Haymitch’s character development was pretty bad too. He goes from being a drunken jerkwad who’s not helping at all, to sober and helpful, and the filmmakers inadequately explain why. We need to know that he’s drunk because he’s been a mentor for 24 years… which means that 48 kids he was supposed to help died. He’s drunk because he’s trying not to care. The reason he decides to help is the revelation that Peeta and Katniss aren’t as pathetic as the kids he usually mentors. They convince him.

4. The Avox Girl: Okay, let’s say that they don’t rate the movie R… there were still ways to show the brutality of this society. SHOW THE AVOX GIRL! Let us know that the stakes are high and these people are sick. They cut out tongues when anyone causes problems.

5. Settling In: What I’m about to say may end up being pretty unpopular, but I think they needed to pick some scenes to completely cut out, so they could do a better job with the ones they kept. Part of the feeling of reading THE HUNGER GAMES is that we’re in for a long haul. We’re sleeping in trees, trying to hide, searching for water, and we don’t know how long it’s going to last. Even before we’re in the arena, I think we missed understanding what it’s like to live in district 12. We never settled in there or understood the starvation Katniss and her family faced. By the way, wasn’t Katniss WAY too plump when she was supposed to be near death and Peeta threw her the burnt bread? She’s supposed to be starving, right?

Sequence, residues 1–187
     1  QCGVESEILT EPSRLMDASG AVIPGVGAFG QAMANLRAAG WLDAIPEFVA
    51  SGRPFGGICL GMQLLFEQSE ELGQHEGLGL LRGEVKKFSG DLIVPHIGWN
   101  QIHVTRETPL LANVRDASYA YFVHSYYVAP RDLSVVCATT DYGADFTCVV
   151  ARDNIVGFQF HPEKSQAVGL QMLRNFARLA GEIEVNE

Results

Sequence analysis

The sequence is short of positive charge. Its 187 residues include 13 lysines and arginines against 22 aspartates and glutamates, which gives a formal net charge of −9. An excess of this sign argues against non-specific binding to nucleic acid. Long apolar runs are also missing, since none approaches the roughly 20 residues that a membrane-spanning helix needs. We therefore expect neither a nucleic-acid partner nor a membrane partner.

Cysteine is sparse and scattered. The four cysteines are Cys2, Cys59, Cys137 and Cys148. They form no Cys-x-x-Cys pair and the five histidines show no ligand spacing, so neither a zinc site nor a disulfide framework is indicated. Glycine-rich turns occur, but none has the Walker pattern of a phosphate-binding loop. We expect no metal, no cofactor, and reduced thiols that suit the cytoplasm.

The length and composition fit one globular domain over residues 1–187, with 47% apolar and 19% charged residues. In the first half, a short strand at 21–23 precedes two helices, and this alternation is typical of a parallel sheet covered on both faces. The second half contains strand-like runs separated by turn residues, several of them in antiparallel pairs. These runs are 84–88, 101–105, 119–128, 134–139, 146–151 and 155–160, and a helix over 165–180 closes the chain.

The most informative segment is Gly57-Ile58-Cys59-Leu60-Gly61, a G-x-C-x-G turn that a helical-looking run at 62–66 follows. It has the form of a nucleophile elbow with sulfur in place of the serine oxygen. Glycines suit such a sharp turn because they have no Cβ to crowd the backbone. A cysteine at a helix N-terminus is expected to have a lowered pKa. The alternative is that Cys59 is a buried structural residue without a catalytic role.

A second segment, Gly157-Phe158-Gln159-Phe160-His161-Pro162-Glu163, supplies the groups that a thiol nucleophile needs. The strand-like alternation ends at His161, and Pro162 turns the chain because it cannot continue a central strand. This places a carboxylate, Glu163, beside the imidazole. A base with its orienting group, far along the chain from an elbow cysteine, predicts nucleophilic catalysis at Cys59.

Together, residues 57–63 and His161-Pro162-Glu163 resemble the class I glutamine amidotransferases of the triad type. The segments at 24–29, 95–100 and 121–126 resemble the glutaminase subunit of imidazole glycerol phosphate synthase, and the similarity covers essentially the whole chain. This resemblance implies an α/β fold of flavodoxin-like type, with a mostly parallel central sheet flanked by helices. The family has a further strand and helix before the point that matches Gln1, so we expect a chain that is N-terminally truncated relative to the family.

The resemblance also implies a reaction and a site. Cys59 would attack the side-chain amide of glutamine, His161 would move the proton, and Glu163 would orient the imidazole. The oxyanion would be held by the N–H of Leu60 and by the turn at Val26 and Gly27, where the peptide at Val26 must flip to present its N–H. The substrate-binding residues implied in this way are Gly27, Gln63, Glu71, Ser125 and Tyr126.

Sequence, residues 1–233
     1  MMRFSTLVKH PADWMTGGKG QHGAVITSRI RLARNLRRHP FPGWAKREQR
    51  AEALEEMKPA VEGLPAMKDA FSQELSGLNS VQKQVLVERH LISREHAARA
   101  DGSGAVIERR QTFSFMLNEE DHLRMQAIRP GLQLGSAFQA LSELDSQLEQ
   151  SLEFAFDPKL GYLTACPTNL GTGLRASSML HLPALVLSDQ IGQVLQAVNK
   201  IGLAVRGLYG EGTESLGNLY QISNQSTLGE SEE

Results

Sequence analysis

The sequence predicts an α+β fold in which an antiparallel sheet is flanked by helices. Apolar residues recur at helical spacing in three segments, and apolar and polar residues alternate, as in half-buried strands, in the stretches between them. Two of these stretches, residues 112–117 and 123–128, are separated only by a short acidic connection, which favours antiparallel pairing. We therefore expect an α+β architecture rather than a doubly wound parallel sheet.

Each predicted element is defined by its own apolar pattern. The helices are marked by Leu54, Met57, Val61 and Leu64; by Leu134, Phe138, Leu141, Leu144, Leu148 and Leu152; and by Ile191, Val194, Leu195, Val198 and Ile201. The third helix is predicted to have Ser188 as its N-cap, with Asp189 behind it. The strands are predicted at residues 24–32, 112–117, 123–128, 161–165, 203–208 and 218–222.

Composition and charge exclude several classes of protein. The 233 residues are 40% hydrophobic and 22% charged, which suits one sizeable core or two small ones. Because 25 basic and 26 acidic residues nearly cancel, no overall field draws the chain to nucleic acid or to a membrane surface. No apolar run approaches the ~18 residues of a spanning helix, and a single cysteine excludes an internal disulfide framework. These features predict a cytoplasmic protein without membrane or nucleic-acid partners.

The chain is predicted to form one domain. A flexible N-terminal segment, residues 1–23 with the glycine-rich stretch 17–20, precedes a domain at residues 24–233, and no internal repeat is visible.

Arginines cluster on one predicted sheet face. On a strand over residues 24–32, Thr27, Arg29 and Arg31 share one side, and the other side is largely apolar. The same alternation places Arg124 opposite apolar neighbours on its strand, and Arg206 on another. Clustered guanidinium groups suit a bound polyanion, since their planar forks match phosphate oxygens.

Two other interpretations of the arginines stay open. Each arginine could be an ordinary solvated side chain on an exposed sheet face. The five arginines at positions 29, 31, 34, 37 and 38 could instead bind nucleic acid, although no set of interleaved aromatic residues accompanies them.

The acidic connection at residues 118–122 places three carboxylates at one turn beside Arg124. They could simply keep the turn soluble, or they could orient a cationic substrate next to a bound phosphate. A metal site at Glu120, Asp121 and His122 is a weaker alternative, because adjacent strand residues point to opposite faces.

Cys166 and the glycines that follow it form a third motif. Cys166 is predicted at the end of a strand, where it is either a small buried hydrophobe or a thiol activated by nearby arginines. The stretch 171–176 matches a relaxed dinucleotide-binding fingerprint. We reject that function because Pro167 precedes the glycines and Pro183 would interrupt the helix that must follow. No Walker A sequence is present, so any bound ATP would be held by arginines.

There was way too much to include every event in the film and give us that feeling of settling in for the long haul. I would rather have the feel of the book than the same sequence of events, so, I probably would have cut out several scenes that people wanted to see, because it’s better to do a good job with a few scenes than to do a crappy job with a ton of scenes.